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An Alabama inmate on Friday asked the U.S. Supreme Court to stay his upcoming execution to consider whether a judge should have been able to give him a death sentence when the jury recommended life imprisonment.
 
Ronald Bert Smith is scheduled to be executed by lethal injection next Thursday for the 1994 slaying of Huntsville convenience store clerk Casey Wilson. A jury recommended life imprisonment without parole by a 7-5 vote, but a judge sentenced Smith to death.

"Alabama is the only state that allows a judge to sentence a defendant to death when the jury has recommended a sentence of life," lawyers for Smith wrote in the petition, noting that Florida and Delaware abolished that capability this year.

The petition could put the issue of judicial override before the court.

The U.S. Supreme Court in January struck down Florida's similar sentencing structure because it gave too much power to judges. Justices ruled that "the Sixth Amendment requires a jury, not a judge, to find each fact necessary to impose a sentence of death."

Smith's lawyers argued that Alabama's death penalty structure is also unconstitutional because an Alabama jury can recommend a sentence of life without parole, but a judge can override that recommendation and impose a death sentence.




Green Party presidential candidate Jill Stein is taking her bid for a statewide recount of Pennsylvania's Nov. 8 presidential election to federal court.

After announcing Stein and recount supporters were dropping their case in state court, lawyer Jonathan Abady said they will seek an emergency federal court order Monday.

"Make no mistake — the Stein campaign will continue to fight for a statewide recount in Pennsylvania," Abady said in a statement Saturday night. "We are committed to this fight to protect the civil and voting rights of all Americans."

He said barriers to a recount in Pennsylvania are pervasive and the state court system is ill-equipped to address the problem.

Stein has spearheaded a recount effort in Pennsylvania, Michigan and Wisconsin, three states with a history of backing Democrats for president that were narrowly and unexpectedly won by Republican Donald Trump over Democrat Hillary Clinton.

Stein has framed the campaign as an effort to explore whether voting machines and systems had been hacked and the election result manipulated. Stein's lawyers, however, have offered no evidence of hacking in Pennsylvania's election, and the state Republican Party and Trump had asked the court to dismiss the state court case.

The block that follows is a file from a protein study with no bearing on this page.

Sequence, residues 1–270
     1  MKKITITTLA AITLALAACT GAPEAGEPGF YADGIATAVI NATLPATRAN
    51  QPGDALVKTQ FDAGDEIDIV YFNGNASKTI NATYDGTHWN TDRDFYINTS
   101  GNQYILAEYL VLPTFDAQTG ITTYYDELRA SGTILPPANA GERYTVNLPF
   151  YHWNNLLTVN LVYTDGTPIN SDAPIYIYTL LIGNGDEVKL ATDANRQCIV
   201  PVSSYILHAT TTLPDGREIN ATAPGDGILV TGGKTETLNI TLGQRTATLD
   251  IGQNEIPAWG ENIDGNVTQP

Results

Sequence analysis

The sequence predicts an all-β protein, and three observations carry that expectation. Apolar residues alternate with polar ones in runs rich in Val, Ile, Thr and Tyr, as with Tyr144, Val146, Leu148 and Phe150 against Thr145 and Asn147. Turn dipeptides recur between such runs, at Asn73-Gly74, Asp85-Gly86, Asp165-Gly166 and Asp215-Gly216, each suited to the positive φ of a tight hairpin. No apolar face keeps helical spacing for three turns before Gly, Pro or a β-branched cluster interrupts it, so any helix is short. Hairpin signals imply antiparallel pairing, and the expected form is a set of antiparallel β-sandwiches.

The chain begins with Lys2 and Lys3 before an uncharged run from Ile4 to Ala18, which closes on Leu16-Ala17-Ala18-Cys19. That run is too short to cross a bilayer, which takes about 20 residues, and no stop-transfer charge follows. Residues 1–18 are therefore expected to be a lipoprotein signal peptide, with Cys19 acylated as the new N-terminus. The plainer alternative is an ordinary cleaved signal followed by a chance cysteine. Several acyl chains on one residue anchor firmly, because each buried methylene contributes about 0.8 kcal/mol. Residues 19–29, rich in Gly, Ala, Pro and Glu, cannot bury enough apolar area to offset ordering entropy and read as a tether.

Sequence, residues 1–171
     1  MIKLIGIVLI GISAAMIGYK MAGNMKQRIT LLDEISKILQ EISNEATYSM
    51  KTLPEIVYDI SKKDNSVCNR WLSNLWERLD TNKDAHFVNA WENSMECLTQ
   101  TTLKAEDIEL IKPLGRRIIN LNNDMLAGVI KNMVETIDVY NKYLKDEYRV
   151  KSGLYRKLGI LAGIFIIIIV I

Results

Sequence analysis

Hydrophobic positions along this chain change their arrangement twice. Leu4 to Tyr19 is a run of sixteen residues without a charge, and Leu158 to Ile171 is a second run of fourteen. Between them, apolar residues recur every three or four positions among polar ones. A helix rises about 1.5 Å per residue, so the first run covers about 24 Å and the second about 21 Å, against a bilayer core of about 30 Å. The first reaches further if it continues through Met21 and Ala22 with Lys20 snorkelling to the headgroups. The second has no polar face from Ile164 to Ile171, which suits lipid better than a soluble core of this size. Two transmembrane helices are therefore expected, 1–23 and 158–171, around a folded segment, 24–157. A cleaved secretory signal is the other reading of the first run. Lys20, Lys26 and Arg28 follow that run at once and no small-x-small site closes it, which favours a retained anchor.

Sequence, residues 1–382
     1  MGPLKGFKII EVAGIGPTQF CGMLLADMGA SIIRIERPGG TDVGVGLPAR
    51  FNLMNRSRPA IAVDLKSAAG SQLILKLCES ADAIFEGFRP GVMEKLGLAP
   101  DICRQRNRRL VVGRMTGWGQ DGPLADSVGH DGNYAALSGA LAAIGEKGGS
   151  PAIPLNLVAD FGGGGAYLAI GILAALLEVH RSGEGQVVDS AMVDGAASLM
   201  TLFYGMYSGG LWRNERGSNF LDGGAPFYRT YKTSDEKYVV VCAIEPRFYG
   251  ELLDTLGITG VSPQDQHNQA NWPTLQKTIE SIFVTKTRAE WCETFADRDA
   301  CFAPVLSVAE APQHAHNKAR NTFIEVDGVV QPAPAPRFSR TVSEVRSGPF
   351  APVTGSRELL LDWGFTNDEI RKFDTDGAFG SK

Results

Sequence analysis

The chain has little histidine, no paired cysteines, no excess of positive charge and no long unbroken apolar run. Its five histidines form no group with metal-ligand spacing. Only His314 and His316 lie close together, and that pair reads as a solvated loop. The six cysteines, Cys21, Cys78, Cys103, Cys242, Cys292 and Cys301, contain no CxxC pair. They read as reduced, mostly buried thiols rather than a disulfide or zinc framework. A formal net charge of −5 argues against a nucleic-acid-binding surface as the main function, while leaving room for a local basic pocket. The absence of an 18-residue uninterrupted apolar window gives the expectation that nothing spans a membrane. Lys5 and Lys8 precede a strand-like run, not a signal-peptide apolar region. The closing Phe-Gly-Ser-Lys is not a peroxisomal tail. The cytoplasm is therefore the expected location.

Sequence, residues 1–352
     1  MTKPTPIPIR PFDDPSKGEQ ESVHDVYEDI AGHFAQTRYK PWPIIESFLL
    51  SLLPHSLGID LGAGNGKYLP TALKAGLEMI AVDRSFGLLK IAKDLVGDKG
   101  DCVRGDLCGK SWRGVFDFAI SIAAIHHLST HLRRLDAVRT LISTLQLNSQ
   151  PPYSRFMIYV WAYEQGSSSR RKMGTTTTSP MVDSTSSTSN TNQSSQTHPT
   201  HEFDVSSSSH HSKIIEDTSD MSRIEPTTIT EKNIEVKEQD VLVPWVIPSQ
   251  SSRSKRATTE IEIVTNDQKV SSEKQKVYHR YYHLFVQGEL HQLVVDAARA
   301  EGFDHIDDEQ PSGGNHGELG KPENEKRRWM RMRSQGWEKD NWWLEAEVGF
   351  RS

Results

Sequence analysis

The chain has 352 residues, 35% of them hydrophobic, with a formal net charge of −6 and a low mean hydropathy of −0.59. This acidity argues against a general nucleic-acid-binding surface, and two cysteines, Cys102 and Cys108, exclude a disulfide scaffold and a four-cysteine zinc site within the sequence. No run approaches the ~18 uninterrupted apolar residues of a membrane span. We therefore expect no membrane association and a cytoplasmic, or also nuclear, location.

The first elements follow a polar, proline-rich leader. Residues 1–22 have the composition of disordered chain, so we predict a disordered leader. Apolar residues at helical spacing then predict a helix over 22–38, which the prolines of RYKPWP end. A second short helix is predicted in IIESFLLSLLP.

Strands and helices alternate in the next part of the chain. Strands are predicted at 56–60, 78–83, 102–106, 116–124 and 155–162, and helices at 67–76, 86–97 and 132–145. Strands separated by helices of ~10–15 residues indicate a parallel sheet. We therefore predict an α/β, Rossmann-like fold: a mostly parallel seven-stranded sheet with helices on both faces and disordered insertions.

China court clears man 21 years after his execution

•  Recent Cases     updated  2016/12/03 16:23


China's supreme court ruled Friday that a young man executed 21 years ago for rape and murder had been innocent, in a case that has drawn attention to problems in the legal system as well as the frequent application of the death penalty.

Nie Shubin was 20 at the time of his 1995 execution for crimes he was accused of committing in the northern city of Shijiazhuang in August of 1994. Another man, Wang Shujin, confessed to the crimes in 2005 while in police custody, although a legal review of the case did not get underway until 2014.

In its ruling, the court cited numerous examples of negligence and procedural errors by police and prosecutors, including the fact that Nie was singled out as a suspect "without a shred of evidence." It also said it couldn't rule out that Nie's testimony was coerced by torture or other means, a frequent accusation against the legal system that relies heavily on confessions to gain convictions.

China ordered speeded-up trials and executions during anti-crime campaigns in the 1990s, leading to frequent cutting of corners by legal authorities. Two years ago, another court ruled that 18-year-old Huugjilt, an ethnic Mongolian who was executed in 1996 for rape and murder, also was innocent after another man confessed to the crime. The court awarded Huugjilt's parents compensation.

However, under reforms in recent years, all death penalties are now automatically reviewed by the supreme court and the justices say executions are carried out only for the most heinous crimes. The exact number of people put to death is a state secret, but rights groups say China remains the world's top executioner.

Chinese legal scholar Xu Xin, a prominent advocate of legal reforms to reduce wrongful convictions, said Nie's case has emerged as highly representative of the country's problems with miscarriages of justice.

"In China's legal and social spheres, this case has garnered the greatest concern and has the most influence. Everyone's views on this case have basically been the same — that there was grave injustice," Xu said.

But the fact that it took this long for him to be exonerated shows the challenges ordinary people face in gaining legal redress in China, he said. "A vindication like this implies that compensation would have to be made, and someone could potentially be held responsible for the mistake, so that makes authorities unwilling to make an active push to correct the injustice," he said.

He credited the Chinese media, concerned defense lawyers and others who drew attention to the case for the court's overturning of the verdict, but said that the problem at the heart of the issue remained China's lack of an independent judiciary.

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